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Increasing inequality and civil conflict in Nepal

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  • Karen Macours

Abstract

This paper investigates the relationship between increasing inequality and recruitment in a civil conflict. Starting from the puzzling observation that the Nepalese conflict escalated after a period of substantial growth and poverty reduction, it hypothesizes that increasing differences in welfare between groups can help explain recruitment by the Maoists. The hypothesis is tested with data from two national-representative household surveys, matched with district-level information regarding mass abductions by the Maoists from newspaper articles. The identification strategy relies on the fact that the months following finalization of the second round of data collection were characterized by a geographical escalation of the conflict. The paper first shows that gains from growth between 1995 and 2003 were much smaller for the (near) landless than for the landed; it then shows that recruiting through abduction of young people was more intensive in districts where inequality between the landed and the landless had previously increased. Copyright 2011 Oxford University Press 2010 All rights reserved, Oxford University Press.

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Bibliographic Info

Article provided by Oxford University Press in its journal Oxford Economic Papers.

Volume (Year): 63 (2011)
Issue (Month): 1 (January)
Pages: 1-26

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Handle: RePEc:oup:oxecpp:v:63:y:2011:i:1:p:1-26

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Cited by:
  1. Christine Valente, 2011. "What Did the Maoists Ever Do for Us? Education and Marriage of Women Exposed to Civil Conflict in Nepal," HiCN Working Papers 105, Households in Conflict Network.
  2. Blattman, Christopher & Miguel, Edward, 2009. "Civil War," Center for International and Development Economics Research, Working Paper Series qt90n356hs, Center for International and Development Economics Research, Institute for Business and Economic Research, UC Berkeley.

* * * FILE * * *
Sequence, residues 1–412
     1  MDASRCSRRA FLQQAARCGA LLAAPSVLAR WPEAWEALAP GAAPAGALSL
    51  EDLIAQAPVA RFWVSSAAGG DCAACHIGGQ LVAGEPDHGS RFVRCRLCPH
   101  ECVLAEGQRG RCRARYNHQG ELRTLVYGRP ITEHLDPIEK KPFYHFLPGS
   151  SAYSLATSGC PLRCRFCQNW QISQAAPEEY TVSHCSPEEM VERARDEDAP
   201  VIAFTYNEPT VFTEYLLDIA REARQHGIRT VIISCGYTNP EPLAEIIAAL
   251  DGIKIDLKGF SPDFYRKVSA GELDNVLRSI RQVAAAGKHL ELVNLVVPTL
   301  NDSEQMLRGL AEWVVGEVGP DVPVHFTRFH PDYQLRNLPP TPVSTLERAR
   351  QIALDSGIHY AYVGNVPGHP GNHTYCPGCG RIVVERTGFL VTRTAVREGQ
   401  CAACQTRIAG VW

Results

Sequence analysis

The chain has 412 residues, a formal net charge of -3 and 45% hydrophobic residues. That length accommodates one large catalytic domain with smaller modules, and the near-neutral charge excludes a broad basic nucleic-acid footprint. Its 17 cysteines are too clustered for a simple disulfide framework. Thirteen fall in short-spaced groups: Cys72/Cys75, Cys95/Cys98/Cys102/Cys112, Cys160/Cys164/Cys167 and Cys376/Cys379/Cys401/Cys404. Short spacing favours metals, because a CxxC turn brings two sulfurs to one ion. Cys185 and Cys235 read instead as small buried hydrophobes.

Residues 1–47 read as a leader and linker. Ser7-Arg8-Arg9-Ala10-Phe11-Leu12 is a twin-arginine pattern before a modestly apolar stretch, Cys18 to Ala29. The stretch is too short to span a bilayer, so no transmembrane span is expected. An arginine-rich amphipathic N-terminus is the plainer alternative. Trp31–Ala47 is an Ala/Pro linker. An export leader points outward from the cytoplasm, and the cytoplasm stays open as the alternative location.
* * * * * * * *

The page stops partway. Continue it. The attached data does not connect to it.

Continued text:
3. Nidhiya Menon & Yana van der Meulen Rodgers, 2011. "War and Women’s Work: Evidence from the Conflict in Nepal," HiCN Working Papers 104, Households in Conflict Network.
  4. Joseph Flavian Gomes, 2012. "The political economy of the Maoist conflict in India : an empirical analysis," Economics Working Papers we1218, Universidad Carlos III, Departamento de Economía.
  5. Maystadt, Jean-François & Trinh Tan, Jean-François & Breisinger, Clemens, 2012. "Does Food Security Matter for Transition in Arab Countries?:," IFPRI discussion papers 1196, International Food Policy Research Institute (IFPRI).
  6. Valente, Christine, 2013. "Education and civil conflict in Nepal," Policy Research Working Paper Series 6468, The World Bank.
  7. Christopher Blattman & Edward Miguel, 2009. "Civil War: A Review of Fifty Years of Research," Working Papers id:2231, eSocialSciences.
  8. Margarita Pivovarova & Eik Leong Swee, 2012. "Quantifying the Microeconomic Effects of War: How Much Can Panel Data Help?," HiCN Working Papers 116, Households in Conflict Network.
  9. Clark, Andrew E. & D'Ambrosio, Conchita, 2014. "Attitudes to Income Inequality: Experimental and Survey Evidence," IZA Discussion Papers 8136, Institute for the Study of Labor (IZA).
  10. Shaun Hargreaves Heap & Jonathan Tan & Daniel Zizzo, 2013. "Trust, inequality and the market," Theory and Decision, Springer, vol. 74(3), pages 311-333, March.
  11. Baten, Joerg & Mumme, Christina, 2013. "Does inequality lead to civil wars? A global long-term study using anthropometric indicators (1816–1999)," European Journal of Political Economy, Elsevier, vol. 32(C), pages 56-79.
  12. Maystadt, Jean-François & Trinh Tan, Jean-François & Breisinger, Clemens, 2014. "Does food security matter for transition in Arab countries?," Food Policy, Elsevier, vol. 46(C), pages 106-115.

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